How to creatively solve problems
בתמונה: 148 תורמים עם 148 כליות

Translation by Yehoshua Siskin

“Shalom Sivan, I am one of the smiling faces in this picture but I prefer to remain anonymous. This is a group picture of the men and women who contributed a kidney this year through the ‘Matnat Chaim’ (Gift of Life) organization. The picture was taken in Jerusalem just after Shabbat, which had been a highly emotional experience for us. All the people I spoke with agreed that they had received a lot more than they had given – the opportunity to save a life. This social movement of donating a kidney without compensation, voluntarily, is connected in my opinion with the beginning of the book of Genesis and the establishment of the nation of Israel. It involves the episode where Moshe Rabbeinu encounters the daughters of Yitro together with the local shepherds who do not allow the daughters to draw water. ‘But the shepherds came and drove them (Yitro’s daughters) away; so Moses arose and rescued them (the daughters) and watered their (the daughters’ but also the shepherds’) flocks.’ (Exodus 2:17) It should have been written that Moshe watered only the daughters’ flocks since they were the victims of the bully shepherds. But no, Moshe also watered the bullies’ flocks. If Moshe had chased away the bullies and their flocks, they would have returned the next day and continued to bother the daughters. Moshe took the step of a leader when he not only watered the daughters’ flocks but the bullies’ flocks, too. He watered everyone’s flocks, a solution that was creative, different, and off the beaten track, but it worked.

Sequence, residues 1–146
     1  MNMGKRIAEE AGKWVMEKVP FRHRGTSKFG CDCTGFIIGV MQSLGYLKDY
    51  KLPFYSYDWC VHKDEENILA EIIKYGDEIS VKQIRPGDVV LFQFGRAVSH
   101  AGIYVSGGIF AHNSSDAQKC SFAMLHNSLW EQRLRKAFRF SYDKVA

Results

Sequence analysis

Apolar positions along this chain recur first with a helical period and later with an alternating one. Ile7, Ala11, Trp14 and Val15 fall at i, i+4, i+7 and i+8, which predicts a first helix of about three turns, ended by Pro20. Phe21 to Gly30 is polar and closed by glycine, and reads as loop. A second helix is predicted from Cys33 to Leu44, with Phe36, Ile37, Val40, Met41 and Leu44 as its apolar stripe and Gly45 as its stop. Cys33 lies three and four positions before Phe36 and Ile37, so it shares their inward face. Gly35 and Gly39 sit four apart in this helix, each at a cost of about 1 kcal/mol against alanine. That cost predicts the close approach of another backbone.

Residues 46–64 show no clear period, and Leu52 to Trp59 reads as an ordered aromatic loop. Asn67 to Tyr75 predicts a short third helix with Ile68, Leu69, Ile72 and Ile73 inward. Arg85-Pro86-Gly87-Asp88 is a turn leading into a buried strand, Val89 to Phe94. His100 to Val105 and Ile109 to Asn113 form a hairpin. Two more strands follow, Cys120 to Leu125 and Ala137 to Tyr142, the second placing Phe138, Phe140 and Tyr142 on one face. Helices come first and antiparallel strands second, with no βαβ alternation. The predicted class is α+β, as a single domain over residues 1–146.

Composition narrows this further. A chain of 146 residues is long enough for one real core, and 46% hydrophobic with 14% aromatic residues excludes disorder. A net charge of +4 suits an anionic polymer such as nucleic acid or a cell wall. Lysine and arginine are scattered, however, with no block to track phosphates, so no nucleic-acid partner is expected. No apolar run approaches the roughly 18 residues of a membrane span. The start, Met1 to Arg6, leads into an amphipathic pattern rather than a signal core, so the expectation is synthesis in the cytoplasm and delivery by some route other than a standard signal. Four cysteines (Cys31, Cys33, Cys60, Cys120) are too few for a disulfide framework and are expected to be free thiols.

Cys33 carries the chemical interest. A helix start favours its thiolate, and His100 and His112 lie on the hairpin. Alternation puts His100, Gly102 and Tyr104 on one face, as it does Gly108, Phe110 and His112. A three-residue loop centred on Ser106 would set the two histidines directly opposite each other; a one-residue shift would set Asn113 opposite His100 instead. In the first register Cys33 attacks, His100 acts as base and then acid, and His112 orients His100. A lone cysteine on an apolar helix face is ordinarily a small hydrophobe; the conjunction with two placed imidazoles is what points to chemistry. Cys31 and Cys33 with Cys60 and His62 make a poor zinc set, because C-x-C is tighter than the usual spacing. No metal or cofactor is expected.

What’s the message of this story? When we encounter a difficult problem, We don’t solve it by looking for a quick solution but by looking beneath the surface at the deeper issue involved. We also need to think about what will happen tomorrow. In my opinion this is what ‘Matnat Chaim’ is all about. The founder of this organization, Rav Yeshayahu Haber, had a medical issue where he himself needed a kidney transplant. However, he did not stop with solving his personal problem but created an organization that would address the problem at its depth for anyone who needed a kidney. And this is how we need to look at the world. I am happy that I could do my small part to contribute to this project.

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סיון רהב-מאיר

Sivan Rahav-Meir is a media personality and lecturer. Married to Yedidya, the mother of five. Lives in Jerusalem. She works for Israel TV news, writes a column for Yediot Aharonot newspaper, and hosts a weekly radio show on Galei Zahal (Army Radio). Her lectures on the weekly Torah portion are attended by hundreds and the live broadcast attracts thousands more listeners throughout the world.
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